football Edit

Mount Rushmore Nebraska: Running back

Over the next few weeks of summer will introduce a new feature called "Mount Rushmore Nebraska."
Similar to the legendary Mount Rushmore monument in South Dakota, HOL will recognize the "four faces" for each position in Husker program history. These are the four players Nebraska would choose to put on a monument for each position.
As you can imagine, narrowing it down to four players at each position is not an easy task. We also wanted to make sure that all eras in the program's history were included in this, so you will see players from as early as the 1920's included in our Mount Rushmore lists.
Today we continue with HOL's Mount Rushmore for the running back position.
Bobby Reynolds - 1950-1952
Unfortunately, Reynolds played long ago in an era before Nebraska football became a national power, leaving some of his exploits forgotten. When Reynolds arrived in Lincoln in 1950, the Huskers had gone 10 years without a winning season. Reynolds helped to change that immediately, leading the Huskers to a 6-2-1 record by setting school records 1,342 yards and 22 touchdowns. In just nine games, Reynolds scored 157 total points (22 touchdowns and 25 PAT's), good for a 17.4 point per game average. That mark still ranks No. 1 today, as no other player has ever averaged that many points in school history. It also ranks second all-time behind Oklahoma State running back Barry Sanders, who averaged 21.27 points per game in 1988. Reynolds finished fifth in the Heisman as a sophomore in 1950, and was one of the favorites to win the award in 1951.
However, thanks to a litany of injuries Reynolds was never able to match the explosiveness of his first season. A separated shoulder, broken leg and eye infection limited him for the remainder of his career, but many of his records lasted at least 20 years, when Nebraska football arrived on the national stage. It wasn't until Mike Rozier won the Heisman in 1983 that many of his major school records began to fall.
Roger Craig - 1979-1982
A member of the Nebraska Hall of Fame and a 1981 all-Big Eight selection, Craig's best season came in 1981, when he rushed for 1,060 yards and 12 touchdowns. Injuries robbed Nebraska of seeing a Craig-Rozier domination that figured to be dominant in 1982, but Craig rebounded to have one of the best professional careers of any Nebraska position player. He played 11 professional seasons and won three Super Bowls with the San Francisco 49ers. He finished with 8,189 rushing yards in the NFL, three times breaking the 1,000-yard barrier.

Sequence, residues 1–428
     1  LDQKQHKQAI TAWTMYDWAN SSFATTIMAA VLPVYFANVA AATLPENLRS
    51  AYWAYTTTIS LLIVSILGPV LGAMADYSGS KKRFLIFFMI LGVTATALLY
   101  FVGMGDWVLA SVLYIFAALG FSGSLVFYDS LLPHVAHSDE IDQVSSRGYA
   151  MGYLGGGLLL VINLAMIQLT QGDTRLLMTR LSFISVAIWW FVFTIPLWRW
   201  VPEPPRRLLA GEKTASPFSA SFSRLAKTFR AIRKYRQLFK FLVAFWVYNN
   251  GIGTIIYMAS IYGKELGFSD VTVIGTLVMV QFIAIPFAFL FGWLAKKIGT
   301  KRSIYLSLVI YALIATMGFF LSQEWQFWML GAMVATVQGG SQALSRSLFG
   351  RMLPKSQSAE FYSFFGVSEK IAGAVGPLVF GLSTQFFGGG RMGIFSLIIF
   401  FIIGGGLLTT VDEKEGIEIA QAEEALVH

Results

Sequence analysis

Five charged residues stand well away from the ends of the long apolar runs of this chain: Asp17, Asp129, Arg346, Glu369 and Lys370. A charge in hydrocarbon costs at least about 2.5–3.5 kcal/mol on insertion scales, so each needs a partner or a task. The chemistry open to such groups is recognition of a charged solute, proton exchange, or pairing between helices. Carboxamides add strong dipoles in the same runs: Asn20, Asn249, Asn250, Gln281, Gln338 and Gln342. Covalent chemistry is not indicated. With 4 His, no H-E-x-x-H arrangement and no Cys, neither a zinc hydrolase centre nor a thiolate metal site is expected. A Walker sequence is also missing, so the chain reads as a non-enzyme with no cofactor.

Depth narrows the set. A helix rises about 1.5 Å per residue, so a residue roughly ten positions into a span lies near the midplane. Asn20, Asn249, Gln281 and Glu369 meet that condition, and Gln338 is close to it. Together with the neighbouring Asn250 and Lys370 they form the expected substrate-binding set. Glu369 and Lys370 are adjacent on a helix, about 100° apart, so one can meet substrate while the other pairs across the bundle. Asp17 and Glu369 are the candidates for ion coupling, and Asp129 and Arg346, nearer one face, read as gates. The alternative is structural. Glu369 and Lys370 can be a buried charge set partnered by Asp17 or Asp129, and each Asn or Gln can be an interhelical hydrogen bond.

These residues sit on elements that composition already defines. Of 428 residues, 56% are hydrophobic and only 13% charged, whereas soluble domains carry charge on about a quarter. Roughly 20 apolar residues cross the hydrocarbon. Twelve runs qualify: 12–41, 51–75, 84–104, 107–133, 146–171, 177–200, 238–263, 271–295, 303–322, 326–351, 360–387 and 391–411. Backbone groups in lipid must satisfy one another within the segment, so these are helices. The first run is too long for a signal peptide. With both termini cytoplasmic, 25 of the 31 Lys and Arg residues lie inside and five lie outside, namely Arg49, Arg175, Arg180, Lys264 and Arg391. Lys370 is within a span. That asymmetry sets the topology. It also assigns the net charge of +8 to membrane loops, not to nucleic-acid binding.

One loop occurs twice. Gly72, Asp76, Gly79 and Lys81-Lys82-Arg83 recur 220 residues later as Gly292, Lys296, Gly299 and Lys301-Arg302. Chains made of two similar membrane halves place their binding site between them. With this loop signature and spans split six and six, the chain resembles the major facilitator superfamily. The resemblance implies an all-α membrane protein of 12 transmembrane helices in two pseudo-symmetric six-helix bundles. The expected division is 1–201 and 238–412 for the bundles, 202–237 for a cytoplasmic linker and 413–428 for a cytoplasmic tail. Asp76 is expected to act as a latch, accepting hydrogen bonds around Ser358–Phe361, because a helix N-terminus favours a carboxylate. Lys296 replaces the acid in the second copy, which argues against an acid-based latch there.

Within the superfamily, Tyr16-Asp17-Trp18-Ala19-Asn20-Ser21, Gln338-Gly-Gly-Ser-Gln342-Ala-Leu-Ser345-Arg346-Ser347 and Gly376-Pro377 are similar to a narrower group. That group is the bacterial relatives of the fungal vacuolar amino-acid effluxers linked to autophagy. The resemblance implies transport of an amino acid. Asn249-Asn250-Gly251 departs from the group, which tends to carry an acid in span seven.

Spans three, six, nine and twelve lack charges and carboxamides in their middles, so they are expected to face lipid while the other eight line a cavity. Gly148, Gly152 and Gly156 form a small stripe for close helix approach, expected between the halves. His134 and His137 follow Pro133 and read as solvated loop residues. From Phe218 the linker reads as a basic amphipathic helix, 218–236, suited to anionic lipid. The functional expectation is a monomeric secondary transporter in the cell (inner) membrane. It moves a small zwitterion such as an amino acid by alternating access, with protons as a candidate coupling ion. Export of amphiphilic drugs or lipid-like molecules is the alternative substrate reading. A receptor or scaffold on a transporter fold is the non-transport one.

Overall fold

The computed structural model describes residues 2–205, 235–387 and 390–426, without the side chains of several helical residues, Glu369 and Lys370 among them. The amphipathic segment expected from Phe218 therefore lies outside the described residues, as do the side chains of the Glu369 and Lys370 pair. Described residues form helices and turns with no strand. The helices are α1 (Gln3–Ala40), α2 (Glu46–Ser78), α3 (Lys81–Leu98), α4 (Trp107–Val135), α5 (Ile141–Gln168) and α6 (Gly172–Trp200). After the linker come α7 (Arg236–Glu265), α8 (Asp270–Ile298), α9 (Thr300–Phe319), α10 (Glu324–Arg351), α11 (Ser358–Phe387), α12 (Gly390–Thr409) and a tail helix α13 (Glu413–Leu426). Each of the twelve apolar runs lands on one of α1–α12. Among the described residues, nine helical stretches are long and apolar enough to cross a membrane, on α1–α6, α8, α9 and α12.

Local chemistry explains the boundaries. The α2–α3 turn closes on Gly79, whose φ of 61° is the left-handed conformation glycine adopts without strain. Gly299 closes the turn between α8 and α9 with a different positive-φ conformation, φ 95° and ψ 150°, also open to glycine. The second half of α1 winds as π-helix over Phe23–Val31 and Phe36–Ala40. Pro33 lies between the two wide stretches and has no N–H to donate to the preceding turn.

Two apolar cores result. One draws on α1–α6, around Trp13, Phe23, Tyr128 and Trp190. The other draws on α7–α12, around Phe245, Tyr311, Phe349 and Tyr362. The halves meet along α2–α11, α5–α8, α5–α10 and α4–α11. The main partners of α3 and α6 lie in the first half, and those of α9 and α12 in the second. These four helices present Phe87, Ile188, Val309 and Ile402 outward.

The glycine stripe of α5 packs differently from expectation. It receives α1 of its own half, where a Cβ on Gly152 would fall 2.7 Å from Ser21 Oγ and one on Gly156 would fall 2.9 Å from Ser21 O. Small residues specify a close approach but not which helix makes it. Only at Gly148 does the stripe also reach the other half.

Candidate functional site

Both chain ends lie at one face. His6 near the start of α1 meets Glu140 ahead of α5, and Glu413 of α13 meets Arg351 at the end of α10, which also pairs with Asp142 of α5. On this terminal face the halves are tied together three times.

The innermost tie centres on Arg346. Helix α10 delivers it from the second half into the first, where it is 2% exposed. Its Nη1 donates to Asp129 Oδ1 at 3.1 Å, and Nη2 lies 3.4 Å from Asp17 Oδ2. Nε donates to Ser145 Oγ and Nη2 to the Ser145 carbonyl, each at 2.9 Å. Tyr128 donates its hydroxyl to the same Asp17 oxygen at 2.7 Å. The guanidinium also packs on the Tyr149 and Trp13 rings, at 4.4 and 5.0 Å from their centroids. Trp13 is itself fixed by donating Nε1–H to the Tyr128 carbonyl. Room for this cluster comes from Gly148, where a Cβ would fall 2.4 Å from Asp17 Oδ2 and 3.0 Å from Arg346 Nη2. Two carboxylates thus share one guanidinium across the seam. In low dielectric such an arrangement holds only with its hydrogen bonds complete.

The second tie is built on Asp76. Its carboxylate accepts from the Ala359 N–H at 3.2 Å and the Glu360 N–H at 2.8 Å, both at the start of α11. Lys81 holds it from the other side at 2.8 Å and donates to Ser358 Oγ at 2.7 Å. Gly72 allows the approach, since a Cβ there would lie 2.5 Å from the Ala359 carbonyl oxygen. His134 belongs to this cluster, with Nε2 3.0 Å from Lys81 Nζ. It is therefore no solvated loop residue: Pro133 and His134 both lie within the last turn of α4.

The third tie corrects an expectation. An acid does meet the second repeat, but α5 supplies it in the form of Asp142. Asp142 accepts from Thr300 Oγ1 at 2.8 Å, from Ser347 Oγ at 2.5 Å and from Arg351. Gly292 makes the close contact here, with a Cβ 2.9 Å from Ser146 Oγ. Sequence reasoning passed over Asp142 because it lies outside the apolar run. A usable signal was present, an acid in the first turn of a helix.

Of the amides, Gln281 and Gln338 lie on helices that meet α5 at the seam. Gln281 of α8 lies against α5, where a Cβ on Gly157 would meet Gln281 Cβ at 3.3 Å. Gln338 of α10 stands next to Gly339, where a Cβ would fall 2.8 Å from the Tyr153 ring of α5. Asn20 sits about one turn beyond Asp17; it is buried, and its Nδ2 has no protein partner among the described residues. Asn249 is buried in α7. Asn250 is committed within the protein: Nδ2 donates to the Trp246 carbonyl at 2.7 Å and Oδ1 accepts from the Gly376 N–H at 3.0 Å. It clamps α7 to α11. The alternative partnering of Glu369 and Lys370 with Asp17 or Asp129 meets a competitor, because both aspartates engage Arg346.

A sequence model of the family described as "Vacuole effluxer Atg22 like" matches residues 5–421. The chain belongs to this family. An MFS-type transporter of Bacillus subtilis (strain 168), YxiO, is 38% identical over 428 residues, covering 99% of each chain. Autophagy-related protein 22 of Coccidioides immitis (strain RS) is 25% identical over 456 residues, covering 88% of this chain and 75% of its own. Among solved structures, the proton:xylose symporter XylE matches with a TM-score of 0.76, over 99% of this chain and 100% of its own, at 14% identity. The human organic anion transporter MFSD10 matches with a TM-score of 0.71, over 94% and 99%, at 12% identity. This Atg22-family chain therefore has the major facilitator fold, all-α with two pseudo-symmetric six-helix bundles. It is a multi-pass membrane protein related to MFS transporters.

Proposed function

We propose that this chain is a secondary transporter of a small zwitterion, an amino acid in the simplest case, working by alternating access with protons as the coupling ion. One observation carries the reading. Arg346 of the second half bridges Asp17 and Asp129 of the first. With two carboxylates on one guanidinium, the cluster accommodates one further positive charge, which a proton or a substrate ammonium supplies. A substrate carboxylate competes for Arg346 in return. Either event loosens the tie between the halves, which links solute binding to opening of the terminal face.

Mike Rozier - 1981-1983
One of Nebraska's three Heisman Trophy winners, Rozier rushed for a school-record 2,148 yards and 29 touchdowns in 1983. His 4,780 career rushing yards (on 7.2 yards per carry) are also tops in school history. Rozier is a member of the College Football Hall of Fame and was one of six Huskers named to Sports Illustrated's 85-player All-Century team. Though he never won a national title, Rozier's incredibly dominant final two seasons in Lincoln made him a lock for this list.
Ahman Green - 1995-1997
Green took home a pair of national titles, helping the Huskers' reach college football's ultimate stage in 1995 and 1997. He was a Doak Walker award finalist and a second-team All-American in 1997, during which he ran for 1,925 yards and 22 touchdowns, gaining 7.8 yards per rush. Green sits second on NU's all-time rushing chart with 3,880 yards despite leaving school after three seasons. The Seattle Seahawks made him a third-round pick, and Green went on to play in five Pro Bowls in 10 seasons, many of which came with the Green Bay Packers. Green is the Packers' all-time leading rusher (8,322 yards).
Just missed the cut
Jeff Kinney - 1969-1971: After putting together solid sophomore and junior seasons, Kinney exploded for 1,136 yards and 17 touchdowns in his final season, garnering All-Big Eight and All-American honors. A major contributor in Nebraska's "Game of the Century" win over Oklahoma (171 yards, four scores), Kinney left NU as the record holder for career yards (2,420) and touchdowns (35).
Ken Clark - 1987-1989: A two-time All-Big Eight selection, Clark rushed for more than 1,000 yards in each of his final two seasons. He averaged 6.1 yards per carry during his career, and had his greatest moment against one of the best at his position. Clark outgained Sanders with 256 yards and three touchdowns, including a scintillating 73-yard scamper on NU's first play, to help the Huskers top Oklahoma State 63-42.
Calvin Jones - 1991-1993: Jones ended his career with back-to-back 1,000-yard seasons and left Lincoln with 3,153 yards, then the second-most in school history. Despite starting just 12 games, Jones piled up 16 100-yard rushing contests and was a preseason All-American in 1993 before injuries slowed him to begin the campaign. The Big Eight Offensive Player of the Year in 1992, Jones left early for the NFL and was a third-round pick by the Los Angeles Rams.
Lawrence Phillips - 1993-1995: If this list were based on production alone, Phillips would have a great shot to make the final cut. He was one of the most dominant rushers in school history, amassing 1,818 yards in 1994. Unfortunately, his run-ins with the law off the field make him a tough face to carve onto the running backs Mount Rushmore of Nebraska.
Rex Burkhead - 2009-2012: Burkhead was an All-Big Ten selection in 2012, rushing for 1,357 yards and setting a single-game school record with 38 carries against Iowa. Injuries cut his senior year short and slowed his assault on the NU record books, but Burkhead still made a great impact. A two-time Academic All-American, Burkhead became friends with Jack Hoffman and helped spearhead the Team Jack campaign, which helps raise money for pediatric brain cancer research.